The latest news from science and technology.

The latest news from science and technology.

The latest news from science and technology.

Science, technology, and life.
May 18 2005 1:03 PM

Girls With Guns

And other news from science and technology.

Latest Human Nature columns: 1) Grandma vs. a clump of cells. 2) The evolution of creationism. 3) Why GPS tracking is good for felons. 4) No steroids in football, but let them eat steak. 5) Why pro-lifers fear the morning-after pill. 6) If steroids are cheating, why isn't LASIK? 7) Jews vs. Catholics in the stem-cell debate. 8) The case for raising the retirement age.

The Air Force is pushing to weaponize space. Programs are in the works to 1) make radio waves lethal, 2) build planes that "strike from halfway around the world in 45 minutes," 3) use blimps and mirrors to aim lasers at earth targets, and 4) fire heavy-element cylinders "striking at speeds of about 7,200 miles an hour with the force of a small nuclear weapon."

William Saletan William Saletan

Will Saletan writes about politics, science, technology, and other stuff for Slate. He’s the author of Bearing Right.


U.S. military associations are fighting restrictions on women in combat. A new bill would tighten the official ban. A retired general says it's too hard to enforce the ban strictly, since troops can now be attacked anywhere.

Scientists are debating  the evolutionary logic of the femaleorgasm. Some think it motivates women to have sex; others think it improves sperm retention; others think it's "phasing out." Latest theory: Nature gives all human embryos the neural basis for orgasm because this promotes reproduction in boys. For girls, it's a happy byproduct.

Fake acupuncture works as well as the real thing at averting headaches. Researchers suspect a placebo effect or "physiological effects of needling."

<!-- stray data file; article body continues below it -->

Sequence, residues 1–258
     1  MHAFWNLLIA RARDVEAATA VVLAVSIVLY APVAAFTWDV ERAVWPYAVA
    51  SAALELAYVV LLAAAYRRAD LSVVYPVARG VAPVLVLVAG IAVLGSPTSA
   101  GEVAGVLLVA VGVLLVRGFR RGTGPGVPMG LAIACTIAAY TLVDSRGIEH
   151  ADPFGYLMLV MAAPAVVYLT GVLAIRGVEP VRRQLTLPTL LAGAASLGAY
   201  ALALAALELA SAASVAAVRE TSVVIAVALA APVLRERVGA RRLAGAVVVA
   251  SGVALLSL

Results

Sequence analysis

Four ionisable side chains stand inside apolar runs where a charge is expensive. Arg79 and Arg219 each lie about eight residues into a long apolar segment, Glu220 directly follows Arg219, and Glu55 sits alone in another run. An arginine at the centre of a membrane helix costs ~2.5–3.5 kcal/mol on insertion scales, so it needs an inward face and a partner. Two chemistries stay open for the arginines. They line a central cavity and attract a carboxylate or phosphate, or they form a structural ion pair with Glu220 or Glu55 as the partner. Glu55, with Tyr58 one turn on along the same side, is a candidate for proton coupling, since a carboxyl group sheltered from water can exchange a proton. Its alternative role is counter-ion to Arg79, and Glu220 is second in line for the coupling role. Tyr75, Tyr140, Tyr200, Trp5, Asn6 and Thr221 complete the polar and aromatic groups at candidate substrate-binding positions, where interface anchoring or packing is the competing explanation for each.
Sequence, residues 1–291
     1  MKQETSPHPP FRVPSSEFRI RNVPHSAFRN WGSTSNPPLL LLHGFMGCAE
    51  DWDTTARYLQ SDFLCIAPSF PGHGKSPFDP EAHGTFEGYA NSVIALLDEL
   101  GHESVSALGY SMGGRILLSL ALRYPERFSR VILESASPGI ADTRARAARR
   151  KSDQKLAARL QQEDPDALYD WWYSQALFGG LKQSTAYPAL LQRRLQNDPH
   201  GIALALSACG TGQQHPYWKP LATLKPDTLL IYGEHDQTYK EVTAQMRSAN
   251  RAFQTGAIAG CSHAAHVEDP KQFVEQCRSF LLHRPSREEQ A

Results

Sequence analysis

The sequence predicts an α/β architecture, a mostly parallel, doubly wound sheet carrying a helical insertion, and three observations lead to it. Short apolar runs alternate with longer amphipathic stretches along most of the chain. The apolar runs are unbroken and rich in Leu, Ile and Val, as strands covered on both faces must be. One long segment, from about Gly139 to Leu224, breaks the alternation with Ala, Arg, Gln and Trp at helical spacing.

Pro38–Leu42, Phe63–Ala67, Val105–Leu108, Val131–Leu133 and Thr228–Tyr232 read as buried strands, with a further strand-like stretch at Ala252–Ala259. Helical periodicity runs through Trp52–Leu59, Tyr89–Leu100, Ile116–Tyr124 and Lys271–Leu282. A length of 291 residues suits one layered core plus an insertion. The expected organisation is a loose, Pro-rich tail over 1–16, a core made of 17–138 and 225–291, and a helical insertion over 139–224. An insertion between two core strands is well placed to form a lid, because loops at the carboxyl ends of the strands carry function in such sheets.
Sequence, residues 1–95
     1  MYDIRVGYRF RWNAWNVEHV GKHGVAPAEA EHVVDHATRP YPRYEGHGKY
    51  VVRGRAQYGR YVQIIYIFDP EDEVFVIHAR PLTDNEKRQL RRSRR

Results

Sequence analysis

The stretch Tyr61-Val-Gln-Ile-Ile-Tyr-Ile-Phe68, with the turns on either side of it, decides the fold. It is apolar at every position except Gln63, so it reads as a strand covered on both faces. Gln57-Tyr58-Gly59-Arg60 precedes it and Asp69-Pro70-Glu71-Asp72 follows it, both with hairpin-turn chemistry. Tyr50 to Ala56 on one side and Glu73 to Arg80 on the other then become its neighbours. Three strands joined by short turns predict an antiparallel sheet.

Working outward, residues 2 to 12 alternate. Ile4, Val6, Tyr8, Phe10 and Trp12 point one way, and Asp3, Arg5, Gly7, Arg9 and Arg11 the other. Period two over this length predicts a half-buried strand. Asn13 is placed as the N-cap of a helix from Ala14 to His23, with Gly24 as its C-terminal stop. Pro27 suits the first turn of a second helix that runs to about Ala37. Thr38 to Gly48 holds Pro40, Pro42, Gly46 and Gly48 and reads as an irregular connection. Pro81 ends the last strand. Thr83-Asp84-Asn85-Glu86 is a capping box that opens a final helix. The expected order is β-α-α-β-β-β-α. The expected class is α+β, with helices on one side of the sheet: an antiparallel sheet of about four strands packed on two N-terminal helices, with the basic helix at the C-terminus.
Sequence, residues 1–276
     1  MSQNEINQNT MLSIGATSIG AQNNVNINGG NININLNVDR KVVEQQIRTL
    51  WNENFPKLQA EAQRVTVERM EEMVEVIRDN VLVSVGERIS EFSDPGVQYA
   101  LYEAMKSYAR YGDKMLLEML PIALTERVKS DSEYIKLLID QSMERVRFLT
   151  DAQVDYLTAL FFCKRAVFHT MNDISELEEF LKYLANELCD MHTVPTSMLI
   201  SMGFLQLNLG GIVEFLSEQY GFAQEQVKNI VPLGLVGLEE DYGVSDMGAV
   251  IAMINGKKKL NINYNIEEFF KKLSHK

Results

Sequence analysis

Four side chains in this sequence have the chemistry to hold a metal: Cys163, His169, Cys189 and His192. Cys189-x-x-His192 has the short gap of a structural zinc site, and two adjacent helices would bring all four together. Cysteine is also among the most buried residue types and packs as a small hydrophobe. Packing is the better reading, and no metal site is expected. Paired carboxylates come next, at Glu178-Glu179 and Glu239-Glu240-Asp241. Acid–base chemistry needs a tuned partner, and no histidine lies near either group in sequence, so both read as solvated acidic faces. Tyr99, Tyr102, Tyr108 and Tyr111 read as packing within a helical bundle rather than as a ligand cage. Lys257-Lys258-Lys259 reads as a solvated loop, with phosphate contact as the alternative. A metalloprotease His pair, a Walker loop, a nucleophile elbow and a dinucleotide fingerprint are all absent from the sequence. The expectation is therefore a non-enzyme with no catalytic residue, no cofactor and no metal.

Antibodies to nicotine help people quit smoking. At high levels, they nearly double the percentage of smokers who quit for at least half a year. The next step is to make a vaccine.


The military is funding projects to help soldiers regrow limbs, stop feeling pain, and function without sleep, food, or oxygen. A new book called Radical Evolution  discusses the research.

A CIA flying drone killed an al-Qaida operative in Pakistan. The drone was "operated from a secret base hundreds of miles" away. The Air Force will buy 59 more drones over the next five years and arm them with up to 3,000 pounds of precision-guided munitions.

Major drugstores will movemore than 100 cold medicines behind the counter to help stop methamphetamine production. The medicines include Advil, Benadryl, Contac, Claritin, Motrin, Sudafed, and Tylenol products. The companies want uniform policies because they can't keep track of new state laws on these products.

Congressional Republicans are proposing to raise the retirement age for Social Security. One committee chairman indicates some manual laborers might be exempted. Scholars point out that Americans now spend one-third of adulthood in retirement. (For Human Nature's take, click here.)

The President's Council on Bioethics outlined four ways to get around the moral problems with embryonic stem-cell research. Scientists objected that the proposed routes would waste precious time with no guarantee that they'd work. The council's chairman advised scientists to devote more ingenuity to making them work. (For Human Nature's reports on the debate, click here, here, and here.)

Massachusetts is rethinking when life begins. The governor wants to preserve the state's 1974 statement that life begins at fertilization. The legislature wants to define life as beginning at implantation. Embryonic stem-cell research requires embryo destruction after fertilization but before implantation.

An FDA staffer may have circumvented a scientific advisory panel to restrict a morning-after pill. David Hager, an evangelical member of the panel, said a staffer asked him to write a memo to the FDA commissioner opposing the panel's advice to allow the pill. (The FDA denies it, but Hager is reportedly on the record.) The FDA then overruled the panel. Hager said of his intervention, "What Satan meant for evil, God turned into good."